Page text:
The Microsoft Global Network facilitates true global reach of your applications across more than 60 regions, at speed and scale to meet even the toughest of application requirements.

Microsoft publishes inter-region latency statistics here. Using this information, customers can ‘triangulate’ the best azure region for a single global SAP instance based on our guiding principles of latency as discussed earlier.

There are various architectures that leverage the Azure backbone, this document briefly describes two options that customers can implement to get the best out of the Microsoft Network.

4.1.1 Global VNET Peering

Virtual Network Peering seamlessly connects Azure Virtual Networks (VNETS). Traffic between VNETS traverse the Microsoft network.

According to the SAP S/4HANA on Azure Reference Architecture, SAP solutions are typically deployed in a spoke VNET.This virtual network can be peered to any virtual network in any region, and in the process establishing optimal routes over the Azure backbone. This communication is private and not exposed to the internet.

4.1.2 Azure Virtual WAN

Azure Virtual WAN is a service that goes far beyond simply peering two virtual networks in Azure. It is a true global, highly secure and superfast networking solution with solutions for branch connectivity via ExpressRoute, S2S VPN or Point-to-Site VPNs.Incorporating Azure Virtual WAN into your Global Network Strategy for SAP will meet the requirements of a globally connected user base, from your regional head offices, through to branches, and even extend to mobile and remote workers.

Allowing high speed, low latency connections between Azure regions, risks of integrating SAP with other systems, regardless of location, can be mitigated

4.2 Content Delivery Networks

”A content delivery network, or content distribution network (CDN), is a geographically distributed network of proxy servers and their data centers. The goal is to provide high availability and performance by distributing the service spatially relative to end users.”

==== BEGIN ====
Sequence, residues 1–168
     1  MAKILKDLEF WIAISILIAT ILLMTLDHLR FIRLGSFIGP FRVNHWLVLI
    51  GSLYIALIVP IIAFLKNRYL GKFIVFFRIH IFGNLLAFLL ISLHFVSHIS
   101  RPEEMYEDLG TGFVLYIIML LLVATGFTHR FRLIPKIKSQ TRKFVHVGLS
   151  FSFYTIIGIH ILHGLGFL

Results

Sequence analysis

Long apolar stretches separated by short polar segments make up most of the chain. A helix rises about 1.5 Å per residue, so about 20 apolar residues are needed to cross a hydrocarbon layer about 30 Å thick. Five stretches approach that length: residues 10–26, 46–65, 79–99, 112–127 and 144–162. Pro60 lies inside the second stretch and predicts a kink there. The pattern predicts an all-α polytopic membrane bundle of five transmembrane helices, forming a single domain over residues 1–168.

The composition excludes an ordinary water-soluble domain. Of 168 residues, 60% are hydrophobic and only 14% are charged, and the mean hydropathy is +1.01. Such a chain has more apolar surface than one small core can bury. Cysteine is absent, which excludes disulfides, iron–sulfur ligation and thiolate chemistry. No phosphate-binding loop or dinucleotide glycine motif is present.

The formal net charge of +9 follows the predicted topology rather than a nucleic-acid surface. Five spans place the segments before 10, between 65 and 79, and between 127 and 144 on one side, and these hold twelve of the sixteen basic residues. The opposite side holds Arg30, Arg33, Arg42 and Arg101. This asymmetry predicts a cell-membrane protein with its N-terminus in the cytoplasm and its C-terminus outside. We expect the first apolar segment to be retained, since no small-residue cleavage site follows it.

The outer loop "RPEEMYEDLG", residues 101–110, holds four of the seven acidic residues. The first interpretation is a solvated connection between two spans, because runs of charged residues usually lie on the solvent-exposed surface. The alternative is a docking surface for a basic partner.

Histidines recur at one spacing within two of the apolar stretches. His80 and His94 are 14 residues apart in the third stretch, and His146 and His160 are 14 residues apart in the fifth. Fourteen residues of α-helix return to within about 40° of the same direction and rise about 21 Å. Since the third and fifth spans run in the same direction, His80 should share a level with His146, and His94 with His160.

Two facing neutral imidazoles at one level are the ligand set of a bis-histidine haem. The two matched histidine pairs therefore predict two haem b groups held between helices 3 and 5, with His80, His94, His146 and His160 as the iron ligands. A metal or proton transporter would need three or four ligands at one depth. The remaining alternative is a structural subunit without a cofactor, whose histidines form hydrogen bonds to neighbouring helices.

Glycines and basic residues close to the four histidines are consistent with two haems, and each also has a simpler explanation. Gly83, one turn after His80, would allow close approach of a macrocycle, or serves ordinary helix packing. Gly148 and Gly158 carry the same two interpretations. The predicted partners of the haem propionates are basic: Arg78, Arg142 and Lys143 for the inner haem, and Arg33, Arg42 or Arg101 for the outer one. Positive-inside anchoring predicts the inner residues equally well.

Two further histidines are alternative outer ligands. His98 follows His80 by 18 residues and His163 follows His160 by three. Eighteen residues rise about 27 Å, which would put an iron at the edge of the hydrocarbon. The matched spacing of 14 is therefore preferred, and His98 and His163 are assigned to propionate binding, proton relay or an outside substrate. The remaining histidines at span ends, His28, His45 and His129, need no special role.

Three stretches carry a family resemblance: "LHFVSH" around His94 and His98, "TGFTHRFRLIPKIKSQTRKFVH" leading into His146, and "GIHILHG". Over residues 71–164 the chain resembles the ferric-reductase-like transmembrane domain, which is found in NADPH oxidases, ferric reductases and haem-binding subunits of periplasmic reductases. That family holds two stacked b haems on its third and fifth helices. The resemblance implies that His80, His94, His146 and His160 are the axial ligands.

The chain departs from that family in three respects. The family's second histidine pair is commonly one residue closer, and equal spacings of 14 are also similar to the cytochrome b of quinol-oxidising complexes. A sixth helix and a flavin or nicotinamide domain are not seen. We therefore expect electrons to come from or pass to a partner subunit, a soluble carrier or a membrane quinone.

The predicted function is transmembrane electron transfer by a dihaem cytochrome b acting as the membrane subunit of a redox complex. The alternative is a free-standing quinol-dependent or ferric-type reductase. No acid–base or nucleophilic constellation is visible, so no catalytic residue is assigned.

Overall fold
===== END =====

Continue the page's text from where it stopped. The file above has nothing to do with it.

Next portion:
Source: https://en.wikipedia.org/wiki/Content_delivery_network

Azure CDN supports dynamic site acceleration, caching, geo-filtering and compression. Therefore, making it a viable CDN solution for a global SAP S/4HANA Instance, accessed via Fiori, where users get the benefit of local resources.

For more information, please refer to SAP Note 2526542 – How to load SAPUI5 files from CDN for performance improvements in Fiori and Standalone UI5 apps

4.3 Front-End Strategy: Windows Virtual Desktop

Although there are many factors to consider when defining your front-end strategy for a single global SAP Instance, one of the options have always been a remote desktop or terminal server type solution. However, these solutions do not always solve the challenges with latency to far remote offices.

In general, the argument is that with the remote desktop, in close proximity to the SAP Application, latency and throughput constraints are minimized. But they do bring other challenges.

Windows Virtual Desktop is a service that runs on Azure and allows rapid provisioning and easy administration of end-user compute environments. Communication between a Windows virtual desktop and an Azure VNET occurs over the Microsoft global network.

4.4 Azure AD Application Proxy

Azure AD Application Proxy is a feature of Azure AD that allows users to access applications running either on-premises or on Azure. It facilitates Secure SSO through Azure AD, and allows a web based SAP UI such as Fiori or the HTML GUI to be proxied securely and encrypted – thus increasing the reach of a single global instance.

5. Summary

Within this document we have touched upon a few topics that can help customers define the best Azure region for their SAP workloads, and also facilitate high speed, low latency connectivity topologies from remote offices to central SAP deployments as part of a Global Network Strategy.

As customers start to plot their journey to Single Global Instances on Azure, it is highly advised to deep dive into the SAP on Azure documentation

The SAP Workload on Azure Planning and Deployment Checklist can be used as a compass to navigate through the various phases of a customer’s Greenfield implementation or migration of SAP to Azure.